Even on a mat, using another mat as a pillow, it wasn’t too comfortable. I only got three or four hours of sleep. We got there around 11 PM, then left at 4:30 AM to get to the train station early and catch a ride to Seoul Station and take a KTX home so we could get back still pretty early and maybe sleep some more. We stopped in a convenience store to use the ATM and ask the guy where the closest train station was, and he gave us some directions, but eventually we ended up just getting in a cab and splitting the cost. It was about a half hour ride to Seoul Station.

Let me introduce you to the best McDonalds in the world. Just to the right is a Korean McDonalds equivalent called Lotteria. It’s got burgers, fries and fried chicken. Not only is the McDonalds open 24 hours a day, but it only serves the breakfast menu. From 11 AM to 2 PM you can get a Big Mac, but other than that, just breakfast. Fucking genius. This needs to come to the States. I got a Sausage McMuffin, the first I’ve had in months, and it was just like home. After a hard night, it really picked me up. I hadn’t been to a McDonalds here before this, and I didn’t particularly miss the lunch menu, but the breakfast menu was a Godsend. Ambrosia from the Elysian Fields (look it up, I don’t have to explain everything) has never tasted so good.

This is my Korail ticket. It’s not as fast as the KTX, and it made three stops on the way, but it only took 20 more minutes and it was 5000 won cheaper, so it was a perfectly good option. The teller quite helpfully circled the date (perhaps I looked unaware of what day it was), the departing time, the city we were in (Seoul), and the city we were going to (Cheonan). Also worth noting, it tells us the number of the train, our car and seat numbers, but most importantly, the track number is missing. For some reason they never bother printing the track number on tickets here.

These are the 14 tracks of Seoul Station. Figuring out which track you need with the only useful information given to you being the departing time isn’t super hard, but I still checked with an attendant to make sure we were getting on the right train.

Also, I’m 22 years old. I’m a grown ass man. Yet, it’s 100% impossible for me to be in Seoul Station without very quietly saying “Seeeeeeeeeeeeeeoooooooooooouuuuuuuulllllllllllll TRAAAAAAAAAAAAAAAIIIIIIIIN” to myself in a  high pitched voice and giggling like a little girl. Seoul is generally pronounced by Westerners exactly like ‘soul’, but natively it’s pronounced ‘saw-ul’. Still, I get a fair amount of enjoyment out of the silly pun.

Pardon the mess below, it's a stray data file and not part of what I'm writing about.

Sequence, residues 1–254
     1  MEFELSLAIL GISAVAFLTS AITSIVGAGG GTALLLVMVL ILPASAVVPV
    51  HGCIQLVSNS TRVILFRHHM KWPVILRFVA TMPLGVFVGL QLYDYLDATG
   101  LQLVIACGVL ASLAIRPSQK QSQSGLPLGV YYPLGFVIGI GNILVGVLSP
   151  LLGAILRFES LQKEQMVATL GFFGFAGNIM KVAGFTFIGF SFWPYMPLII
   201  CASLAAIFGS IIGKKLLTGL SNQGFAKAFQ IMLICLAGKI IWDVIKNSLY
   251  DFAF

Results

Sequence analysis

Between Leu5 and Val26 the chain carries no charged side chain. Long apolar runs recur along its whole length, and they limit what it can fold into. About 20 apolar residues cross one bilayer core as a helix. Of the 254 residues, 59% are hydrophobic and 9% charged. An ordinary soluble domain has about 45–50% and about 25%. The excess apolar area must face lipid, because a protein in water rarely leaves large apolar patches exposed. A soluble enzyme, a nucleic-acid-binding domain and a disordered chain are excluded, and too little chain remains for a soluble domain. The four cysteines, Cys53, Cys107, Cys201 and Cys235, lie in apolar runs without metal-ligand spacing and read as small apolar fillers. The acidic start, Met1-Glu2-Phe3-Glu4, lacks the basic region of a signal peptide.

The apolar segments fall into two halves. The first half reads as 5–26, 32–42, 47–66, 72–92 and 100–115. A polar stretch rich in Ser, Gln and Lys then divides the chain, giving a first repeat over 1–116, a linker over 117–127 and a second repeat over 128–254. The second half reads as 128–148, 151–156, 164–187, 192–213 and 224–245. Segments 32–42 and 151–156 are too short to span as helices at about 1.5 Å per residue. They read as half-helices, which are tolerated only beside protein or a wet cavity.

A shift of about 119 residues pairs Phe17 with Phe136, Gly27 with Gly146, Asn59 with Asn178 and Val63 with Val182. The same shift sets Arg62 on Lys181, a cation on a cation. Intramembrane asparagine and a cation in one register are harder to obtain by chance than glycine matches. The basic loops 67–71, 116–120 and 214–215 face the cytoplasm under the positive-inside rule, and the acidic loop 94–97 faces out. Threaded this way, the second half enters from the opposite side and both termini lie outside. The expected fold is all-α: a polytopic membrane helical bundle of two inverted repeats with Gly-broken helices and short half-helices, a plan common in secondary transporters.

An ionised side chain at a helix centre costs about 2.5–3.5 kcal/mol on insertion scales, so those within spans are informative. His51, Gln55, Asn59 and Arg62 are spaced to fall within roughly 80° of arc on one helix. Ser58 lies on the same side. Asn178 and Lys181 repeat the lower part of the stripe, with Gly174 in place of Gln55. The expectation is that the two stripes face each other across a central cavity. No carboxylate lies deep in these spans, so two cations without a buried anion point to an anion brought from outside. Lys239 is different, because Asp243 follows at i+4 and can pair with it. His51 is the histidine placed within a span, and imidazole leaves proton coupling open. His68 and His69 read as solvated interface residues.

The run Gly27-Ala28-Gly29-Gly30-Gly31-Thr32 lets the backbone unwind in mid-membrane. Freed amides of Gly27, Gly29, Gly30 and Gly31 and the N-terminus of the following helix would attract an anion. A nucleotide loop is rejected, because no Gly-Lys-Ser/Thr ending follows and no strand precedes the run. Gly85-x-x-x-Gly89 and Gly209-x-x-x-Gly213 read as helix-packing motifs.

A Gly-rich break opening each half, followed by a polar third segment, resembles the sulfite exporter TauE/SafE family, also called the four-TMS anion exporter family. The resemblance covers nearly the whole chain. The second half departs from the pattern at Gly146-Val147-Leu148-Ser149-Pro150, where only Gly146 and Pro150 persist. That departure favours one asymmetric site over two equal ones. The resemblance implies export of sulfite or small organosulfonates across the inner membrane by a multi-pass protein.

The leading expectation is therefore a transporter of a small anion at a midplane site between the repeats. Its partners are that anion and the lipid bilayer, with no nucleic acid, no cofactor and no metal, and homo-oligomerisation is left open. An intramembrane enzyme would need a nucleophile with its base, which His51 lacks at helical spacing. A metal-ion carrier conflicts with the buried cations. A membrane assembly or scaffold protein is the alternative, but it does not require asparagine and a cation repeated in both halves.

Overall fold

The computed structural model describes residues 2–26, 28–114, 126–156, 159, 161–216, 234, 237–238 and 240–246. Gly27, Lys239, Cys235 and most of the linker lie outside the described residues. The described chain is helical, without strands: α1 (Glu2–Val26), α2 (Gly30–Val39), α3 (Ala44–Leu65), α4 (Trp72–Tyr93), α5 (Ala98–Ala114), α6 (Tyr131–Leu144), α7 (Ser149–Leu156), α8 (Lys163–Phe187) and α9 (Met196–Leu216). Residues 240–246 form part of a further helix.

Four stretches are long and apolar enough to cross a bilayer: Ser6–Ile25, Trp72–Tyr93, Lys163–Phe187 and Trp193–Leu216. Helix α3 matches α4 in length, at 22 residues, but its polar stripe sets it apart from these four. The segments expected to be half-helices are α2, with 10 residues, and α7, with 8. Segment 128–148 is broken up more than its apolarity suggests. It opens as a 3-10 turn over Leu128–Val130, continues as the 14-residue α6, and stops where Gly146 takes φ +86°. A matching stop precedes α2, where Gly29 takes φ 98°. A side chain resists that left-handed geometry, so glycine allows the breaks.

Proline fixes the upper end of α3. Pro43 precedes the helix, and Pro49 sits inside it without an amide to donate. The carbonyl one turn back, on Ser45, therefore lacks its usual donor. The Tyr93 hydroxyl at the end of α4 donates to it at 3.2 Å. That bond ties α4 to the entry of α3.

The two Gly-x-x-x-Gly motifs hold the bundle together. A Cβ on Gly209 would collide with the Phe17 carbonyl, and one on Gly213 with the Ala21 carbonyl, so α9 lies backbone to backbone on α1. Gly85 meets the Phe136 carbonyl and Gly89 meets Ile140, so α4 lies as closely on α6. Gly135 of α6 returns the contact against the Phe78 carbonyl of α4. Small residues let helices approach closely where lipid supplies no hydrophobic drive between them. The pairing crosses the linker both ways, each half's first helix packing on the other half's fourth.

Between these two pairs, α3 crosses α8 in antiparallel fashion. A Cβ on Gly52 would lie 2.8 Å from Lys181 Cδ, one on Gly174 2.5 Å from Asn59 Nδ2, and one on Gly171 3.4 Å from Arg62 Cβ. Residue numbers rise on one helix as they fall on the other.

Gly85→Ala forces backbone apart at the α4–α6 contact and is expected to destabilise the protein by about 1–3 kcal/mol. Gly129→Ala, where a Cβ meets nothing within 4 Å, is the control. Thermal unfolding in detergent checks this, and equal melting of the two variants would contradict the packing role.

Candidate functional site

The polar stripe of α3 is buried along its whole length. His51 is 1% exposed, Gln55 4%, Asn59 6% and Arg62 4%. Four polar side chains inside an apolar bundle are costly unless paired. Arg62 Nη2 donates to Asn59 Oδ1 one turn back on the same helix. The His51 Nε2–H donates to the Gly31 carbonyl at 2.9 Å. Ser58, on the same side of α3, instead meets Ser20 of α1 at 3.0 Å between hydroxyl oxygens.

We got back to my place a little after 8 AM. I’d had a couple cups of coffee and it’s impossible for me to sleep once it’s light out, so I let Dave crash on my bed, and I came to DnD to write this. I’m heading back soon. I’m going to spend the rest of the day watching Korean movies and relaxing. Perhaps calling Chang-ki later today to go buy a Korean textbook. Maybe seeing Mr. Lee to eat dinner and drink soju with Dave, as well as buy some of the necessities for Dave’s apartment.

In the end, it wasn’t an awful time. The initial shock of not having a place to sleep was a pretty big kick in the nuts, but it wasn’t terrible. It was made more bearable that I had Dave with me, so I wasn’t alone. At the same time, I felt pretty terrible having dragged him along on no sleep and then having a rather unfortunate night. Kind of a shitty start to his year here, but he was a good sport about it. It’s an interesting story, and I learned some stuff. I proved I can take care of myself. I got to practice my terrible Korean. As bad as it is, when contrasted with Dave’s complete lack of knowledge of Korean, I’m almost completely self-sufficient. At least enough to spend a night in a different city.


2 Responses to “A Seoul (Mis)Adventure”

  1. Whoa huge kudos to figuring out what to do for the night. Also, that dude totally looks like Secret Window Depp! The guy I was dating last has let himself go substantially since he dumped me, and his hair is all like that, and I said, “What’s up Secret Window?” but he hadn’t seen the movie so my brilliance was lost on him..

  2. Hah. Secret Window. I love it.